A man battled with his insurer for nearly two years after excavations for a pool he wanted to install collapsed, damaging his garden, a boundary fence and some of his neighbour's land.
The Aucklander, known only as Mr V, was one of the 322 complaints to the Insurance and Financial Services Ombudsman (IFSO) in the year to June 30.
Complaints to the IFSO rose only slightly from last year's 320, but complaint enquiries were up substantially from 3,357 to 3805 - a 13 per cent increase.
Mr V arranged for construction insurance before work began on the swimming pool in July 2017.
When the excavations collapsed he made a claim under the policy but the insurer only accepted part of the claim for removing some of the debris.
It declined to pay for damage to the neighbour's land and fence because the policy did not cover third party property.
The insurer also refused to pay for the cost of adding support to the excavation, citing an exclusion for defective workmanship.
In case notes the ombudsman said the insurer believed the pool company should have got geotechnical engineering advice due to the time of year and proximity to the property boundary. The pool company also failed to use a plastic cover to protect the excavations.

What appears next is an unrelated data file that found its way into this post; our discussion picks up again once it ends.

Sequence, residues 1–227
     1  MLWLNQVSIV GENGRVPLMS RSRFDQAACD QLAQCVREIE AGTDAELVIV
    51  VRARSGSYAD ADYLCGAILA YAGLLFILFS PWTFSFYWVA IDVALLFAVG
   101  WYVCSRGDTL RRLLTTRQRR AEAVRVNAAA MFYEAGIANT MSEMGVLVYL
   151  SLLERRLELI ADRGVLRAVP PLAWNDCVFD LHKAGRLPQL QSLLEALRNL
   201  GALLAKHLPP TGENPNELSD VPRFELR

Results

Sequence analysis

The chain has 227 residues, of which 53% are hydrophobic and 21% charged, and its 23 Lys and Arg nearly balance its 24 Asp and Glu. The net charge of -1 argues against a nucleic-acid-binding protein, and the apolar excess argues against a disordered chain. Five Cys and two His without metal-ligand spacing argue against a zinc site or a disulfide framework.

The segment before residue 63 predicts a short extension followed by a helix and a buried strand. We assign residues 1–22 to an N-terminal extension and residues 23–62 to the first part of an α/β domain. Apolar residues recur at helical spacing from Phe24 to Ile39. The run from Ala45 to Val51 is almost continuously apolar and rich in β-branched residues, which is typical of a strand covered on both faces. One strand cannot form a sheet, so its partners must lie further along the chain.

But Mr V denied the pool company's work was defective and believed the insurer should cover all the costs.
The ombudsman's case manager got independent expert advice and found that while a geotechnical report was not required, a plastic cover to protect the excavations should have been standard practice.
"As a result, the case manager believed the insurer was entitled to rely on the exclusion for defective workmanship."
Fortunately, a compromise was reached as the case manager discovered Mr V had house insurance with the same insurer and the insurer agreed to accept the claim for damage to the fence and neighbour's land under the liability section of the house policy.
It paid out $16,855 in a settlement agreement. The case was finally closed on April 2 this year.
Policy exclusions and scope of cover complaints were some of the most complained about issues in the last year alongside pre-existing conditions and gradual damage.
Karen Stevens, Insurance and Financial Services Ombudsman said its complaints showed many people simply did not understand the policy or contract they were signing up to.
"Insurance does not cover all things at all times. The best time to understand your cover is before you might need it," she said.
Of the 225 complaints, 70 per cent were about general insurance with 91 relating to house insurance, 54 travel, 46 vehicle and 22 contents insurance.
A further 25 per cent of complaints related to health, life and disability insurance and the other 5 per cent were about credit contracts and financial advisers.